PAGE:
A nightmare woke me up in the early morning hours I usually never saw, and clomping down the stairs felt like gravity was particularly aggressive. A lamp spilled orange light on one of the boy roommates who hadn't seen the business end of a morning in awhile, either.
"A plane just flew into the World Trade Center," he said, one of infinite echoes of that same sentence being uttered to the sleepy unknowing by those who woke up first. We were both reluctant to become fully awake. Our levels of alertness were maybe congruent to the demise and fall of the first tower, at which point I realized that years of disaster movies had stolen some of the horror from that moment. I took a radio to work and held it the whole time I listened to it, using my free hand to google some of the words of the day: Terror. Osama. Pentagon. al Qaeda. I tried to donate blood on my lunch hour, but blood from Los Angeles wasn't anyone's priority, and an orderly waved me through the automatic doors with comforting words that suggested she'd spent most of the day ushering the lost and dazed back out onto the sidewalk.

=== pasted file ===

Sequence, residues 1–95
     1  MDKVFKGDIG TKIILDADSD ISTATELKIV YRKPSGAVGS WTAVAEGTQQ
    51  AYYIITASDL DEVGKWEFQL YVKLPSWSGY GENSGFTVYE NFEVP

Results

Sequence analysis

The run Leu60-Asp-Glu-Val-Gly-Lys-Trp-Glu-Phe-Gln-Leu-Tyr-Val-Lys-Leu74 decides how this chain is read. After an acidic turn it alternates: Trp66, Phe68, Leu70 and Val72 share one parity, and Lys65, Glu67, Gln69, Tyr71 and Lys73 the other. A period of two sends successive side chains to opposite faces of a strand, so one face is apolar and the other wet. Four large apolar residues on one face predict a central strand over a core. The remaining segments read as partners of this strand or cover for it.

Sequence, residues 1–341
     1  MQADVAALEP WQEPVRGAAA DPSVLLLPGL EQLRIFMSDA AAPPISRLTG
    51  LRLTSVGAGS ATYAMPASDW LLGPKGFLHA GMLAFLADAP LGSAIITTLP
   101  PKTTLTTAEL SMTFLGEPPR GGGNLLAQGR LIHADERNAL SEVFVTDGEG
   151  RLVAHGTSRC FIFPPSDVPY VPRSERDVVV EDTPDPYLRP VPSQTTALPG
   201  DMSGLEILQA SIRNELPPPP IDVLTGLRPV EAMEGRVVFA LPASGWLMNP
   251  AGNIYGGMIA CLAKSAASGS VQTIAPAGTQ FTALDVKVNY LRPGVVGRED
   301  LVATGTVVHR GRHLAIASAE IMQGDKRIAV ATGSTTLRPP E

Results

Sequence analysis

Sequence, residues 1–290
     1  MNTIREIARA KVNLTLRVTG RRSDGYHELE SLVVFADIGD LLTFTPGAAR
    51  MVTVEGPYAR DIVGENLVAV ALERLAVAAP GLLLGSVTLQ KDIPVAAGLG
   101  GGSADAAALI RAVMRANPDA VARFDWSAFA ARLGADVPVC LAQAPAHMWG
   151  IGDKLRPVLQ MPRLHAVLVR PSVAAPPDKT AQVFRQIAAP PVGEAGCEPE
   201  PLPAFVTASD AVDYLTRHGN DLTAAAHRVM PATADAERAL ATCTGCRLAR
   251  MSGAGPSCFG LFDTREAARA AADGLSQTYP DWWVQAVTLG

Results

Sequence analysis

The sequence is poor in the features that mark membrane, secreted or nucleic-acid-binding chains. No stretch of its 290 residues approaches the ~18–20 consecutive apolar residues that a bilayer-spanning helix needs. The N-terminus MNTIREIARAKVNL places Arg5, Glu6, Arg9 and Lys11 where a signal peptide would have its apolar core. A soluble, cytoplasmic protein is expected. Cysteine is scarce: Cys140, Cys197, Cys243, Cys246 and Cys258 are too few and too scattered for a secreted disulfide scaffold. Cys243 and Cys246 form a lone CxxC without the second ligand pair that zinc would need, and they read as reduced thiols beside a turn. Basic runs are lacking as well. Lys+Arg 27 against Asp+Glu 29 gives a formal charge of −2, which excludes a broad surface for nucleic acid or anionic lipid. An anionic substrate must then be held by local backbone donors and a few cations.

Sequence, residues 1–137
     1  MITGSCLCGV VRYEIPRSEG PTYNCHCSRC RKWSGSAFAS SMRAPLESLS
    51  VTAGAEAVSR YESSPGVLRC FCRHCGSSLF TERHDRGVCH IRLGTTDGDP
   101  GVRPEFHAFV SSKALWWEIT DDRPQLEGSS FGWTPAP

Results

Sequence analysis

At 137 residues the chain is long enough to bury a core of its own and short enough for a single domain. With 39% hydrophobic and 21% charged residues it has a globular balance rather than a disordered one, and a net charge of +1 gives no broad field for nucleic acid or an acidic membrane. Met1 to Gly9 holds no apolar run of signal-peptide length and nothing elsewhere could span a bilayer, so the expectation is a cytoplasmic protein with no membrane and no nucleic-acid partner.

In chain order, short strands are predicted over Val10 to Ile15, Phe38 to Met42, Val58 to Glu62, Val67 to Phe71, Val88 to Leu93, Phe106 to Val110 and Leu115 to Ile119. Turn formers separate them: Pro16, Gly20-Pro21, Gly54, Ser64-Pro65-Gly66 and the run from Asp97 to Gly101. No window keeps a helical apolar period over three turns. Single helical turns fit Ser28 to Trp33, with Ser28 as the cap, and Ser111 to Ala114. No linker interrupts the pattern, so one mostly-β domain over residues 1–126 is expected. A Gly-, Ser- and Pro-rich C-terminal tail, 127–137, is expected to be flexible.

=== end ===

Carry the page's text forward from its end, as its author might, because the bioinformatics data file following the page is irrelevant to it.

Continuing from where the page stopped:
I went home. It became night again. We made deeply insensitive and untimely jokes to see who could get the biggest and most offensive laugh. This felt better. Terrible jokes, it turned out, were the Very Best Thing, in a way that I'm not sure I can articulate but will defend because laughing that day momentarily contained the horror, pushed it out at arm's length.